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Guyana Introducing Self-harm Surveillance Initiative to Reduce Suicides

Self-harm Surveillance,

Guyana (McKoy’s News)Guyana Introducing Self-harm Surveillance Initiative: A National Self-Harm Surveillance project will be launched in Guyana next month in an attempt to reduce what authorities say is an alarming number of cases of non-suicidal self-injury.

“If we can get the majority of self-harm and depression cases treated, we can drastically reduce the suicide rate,” Director of the Mental Health Unit Dr. Util Richmond-Thomas explained.

The project will be launched in Region Two, Three and Six, mainly because those regions have the highest suicide rates. Dr. Richmond-Thomas said that in Region Three alone, 93 self-harm cases have already been recorded for 2017. Thirty suicide deaths were officially recorded at the West Demerara Regional Hospital for the same period.

“Self-harm is the strongest indicator of future suicide,” Dr. Richmond-Thomas said. Adding that many people who commit suicide would have had several incidences of self-harm in their past, she said:“It means, therefore, that if the self-harm was being treated while it was occurring it may not have led to suicide.”

Under the National Self-Harm Surveillance project, all cases of self-harm must be reported to the Mental Health Unit within one week of presentation. Once reported, those individuals would have to see a psychiatrist or mental health gap (mhGAP) doctor. There are over 40 mhGAP doctors locally. Each person will receive psychotherapy by a psychologist and then followed up by a social worker until they are no longer high-risk patients.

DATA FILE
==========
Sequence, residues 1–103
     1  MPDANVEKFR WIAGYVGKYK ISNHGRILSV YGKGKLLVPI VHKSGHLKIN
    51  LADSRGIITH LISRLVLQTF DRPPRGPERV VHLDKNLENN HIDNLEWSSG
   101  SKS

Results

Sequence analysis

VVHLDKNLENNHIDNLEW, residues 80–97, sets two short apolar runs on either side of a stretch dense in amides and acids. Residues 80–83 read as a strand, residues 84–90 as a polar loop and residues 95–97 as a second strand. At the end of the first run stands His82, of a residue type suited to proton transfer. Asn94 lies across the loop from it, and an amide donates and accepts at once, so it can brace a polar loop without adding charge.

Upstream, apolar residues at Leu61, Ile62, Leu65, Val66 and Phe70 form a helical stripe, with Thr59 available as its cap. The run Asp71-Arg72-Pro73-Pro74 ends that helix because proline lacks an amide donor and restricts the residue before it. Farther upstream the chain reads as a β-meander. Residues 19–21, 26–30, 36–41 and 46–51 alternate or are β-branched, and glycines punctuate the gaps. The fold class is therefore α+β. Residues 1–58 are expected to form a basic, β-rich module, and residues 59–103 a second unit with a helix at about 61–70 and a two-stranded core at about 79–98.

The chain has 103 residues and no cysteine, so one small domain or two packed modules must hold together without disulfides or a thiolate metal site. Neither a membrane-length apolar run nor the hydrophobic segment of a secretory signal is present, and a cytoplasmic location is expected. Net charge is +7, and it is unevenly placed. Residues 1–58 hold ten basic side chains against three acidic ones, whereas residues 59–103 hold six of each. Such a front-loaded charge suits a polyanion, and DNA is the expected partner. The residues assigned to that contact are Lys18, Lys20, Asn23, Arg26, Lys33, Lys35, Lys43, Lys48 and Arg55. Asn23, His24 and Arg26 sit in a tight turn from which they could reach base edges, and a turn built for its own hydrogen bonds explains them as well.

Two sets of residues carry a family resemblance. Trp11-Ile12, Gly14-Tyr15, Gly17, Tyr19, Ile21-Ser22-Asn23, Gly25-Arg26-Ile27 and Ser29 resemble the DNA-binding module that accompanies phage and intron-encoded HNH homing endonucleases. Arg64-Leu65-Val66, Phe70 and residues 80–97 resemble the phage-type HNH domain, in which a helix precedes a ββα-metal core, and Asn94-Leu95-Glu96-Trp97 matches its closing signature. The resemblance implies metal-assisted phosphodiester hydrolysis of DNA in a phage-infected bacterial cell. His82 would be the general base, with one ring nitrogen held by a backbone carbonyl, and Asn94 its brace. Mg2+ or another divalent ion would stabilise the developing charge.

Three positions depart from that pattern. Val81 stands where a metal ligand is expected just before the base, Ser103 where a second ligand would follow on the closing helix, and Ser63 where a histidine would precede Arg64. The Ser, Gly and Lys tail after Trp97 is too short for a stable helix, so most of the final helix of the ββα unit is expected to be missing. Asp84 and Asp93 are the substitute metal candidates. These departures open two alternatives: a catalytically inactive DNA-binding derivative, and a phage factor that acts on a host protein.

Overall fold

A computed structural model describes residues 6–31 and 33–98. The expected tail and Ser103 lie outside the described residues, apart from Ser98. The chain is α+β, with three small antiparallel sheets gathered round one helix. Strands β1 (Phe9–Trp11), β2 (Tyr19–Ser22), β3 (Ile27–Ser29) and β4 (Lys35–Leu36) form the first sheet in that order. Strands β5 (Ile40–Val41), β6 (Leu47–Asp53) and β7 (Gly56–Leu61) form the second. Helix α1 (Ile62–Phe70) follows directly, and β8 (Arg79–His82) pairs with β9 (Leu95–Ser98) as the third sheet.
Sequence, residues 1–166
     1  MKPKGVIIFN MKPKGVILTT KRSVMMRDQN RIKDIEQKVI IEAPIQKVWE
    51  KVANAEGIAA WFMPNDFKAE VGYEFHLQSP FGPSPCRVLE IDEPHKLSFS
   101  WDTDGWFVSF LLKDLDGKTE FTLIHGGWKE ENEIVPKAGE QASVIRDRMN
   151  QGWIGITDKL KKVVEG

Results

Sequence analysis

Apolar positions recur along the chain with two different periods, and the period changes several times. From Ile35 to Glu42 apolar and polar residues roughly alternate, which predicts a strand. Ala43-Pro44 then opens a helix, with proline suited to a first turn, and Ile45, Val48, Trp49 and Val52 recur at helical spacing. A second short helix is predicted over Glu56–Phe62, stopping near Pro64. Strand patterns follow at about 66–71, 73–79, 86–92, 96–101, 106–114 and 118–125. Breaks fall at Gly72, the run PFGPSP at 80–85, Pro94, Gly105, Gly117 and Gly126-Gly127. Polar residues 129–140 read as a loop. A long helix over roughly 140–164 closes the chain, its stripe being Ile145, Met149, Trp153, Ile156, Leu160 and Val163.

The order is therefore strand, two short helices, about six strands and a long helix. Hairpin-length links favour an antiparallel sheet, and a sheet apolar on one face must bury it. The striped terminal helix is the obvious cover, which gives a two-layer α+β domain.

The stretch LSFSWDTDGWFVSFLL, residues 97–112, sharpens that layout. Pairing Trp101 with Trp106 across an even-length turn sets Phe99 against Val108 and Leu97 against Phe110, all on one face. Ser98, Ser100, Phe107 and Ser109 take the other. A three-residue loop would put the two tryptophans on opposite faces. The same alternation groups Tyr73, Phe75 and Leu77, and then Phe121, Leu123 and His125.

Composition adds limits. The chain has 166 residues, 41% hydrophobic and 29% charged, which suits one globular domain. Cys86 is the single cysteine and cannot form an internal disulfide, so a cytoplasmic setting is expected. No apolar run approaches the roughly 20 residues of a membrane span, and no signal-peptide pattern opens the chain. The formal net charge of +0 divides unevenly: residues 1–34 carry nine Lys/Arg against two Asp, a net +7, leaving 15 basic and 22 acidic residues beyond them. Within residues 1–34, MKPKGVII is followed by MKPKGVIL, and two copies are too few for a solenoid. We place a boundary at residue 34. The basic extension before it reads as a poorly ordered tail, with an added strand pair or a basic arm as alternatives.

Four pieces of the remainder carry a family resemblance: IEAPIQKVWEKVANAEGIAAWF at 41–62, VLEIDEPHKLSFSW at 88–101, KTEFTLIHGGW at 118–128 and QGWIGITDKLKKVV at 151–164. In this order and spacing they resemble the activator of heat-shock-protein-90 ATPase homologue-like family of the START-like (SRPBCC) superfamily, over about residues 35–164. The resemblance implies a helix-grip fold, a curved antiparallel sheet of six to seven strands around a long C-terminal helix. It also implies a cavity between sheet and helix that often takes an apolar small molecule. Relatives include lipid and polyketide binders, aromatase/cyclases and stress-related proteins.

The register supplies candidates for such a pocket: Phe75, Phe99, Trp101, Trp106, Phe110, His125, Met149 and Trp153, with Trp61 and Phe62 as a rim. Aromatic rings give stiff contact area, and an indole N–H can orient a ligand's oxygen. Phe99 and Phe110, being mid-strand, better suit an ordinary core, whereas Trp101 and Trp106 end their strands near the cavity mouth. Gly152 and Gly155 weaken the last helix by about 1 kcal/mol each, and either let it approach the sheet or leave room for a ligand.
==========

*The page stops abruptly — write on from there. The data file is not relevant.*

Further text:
“Making sure they are properly treated will just ensure that they have better quality of life,” Dr. Richmond-Thomas said.

She said that the unit’s drive to battle suicide, “is well on its way”, with the Ministry of Public Health rolling out several mental health projects.

“The National Self-Harm Surveillance follows closely on the heels of the mhGAP Intervention Guide programme, which recently saw non-specialized doctors trained with the necessary skills and knowledge to better screen patients and provide diagnostic assessment for persons living with mental health illnesses. This programme seeks to provide efficient care at primary health care facilities across the nation,” the doctor explained.

She added that the integration of mental health into primary health care is an extremely important strategy for the Ministry of Public Health, for the Mental Health Unit and for the mental health of all Guyanese.

Contributed by Dr. Colin O Jarrett

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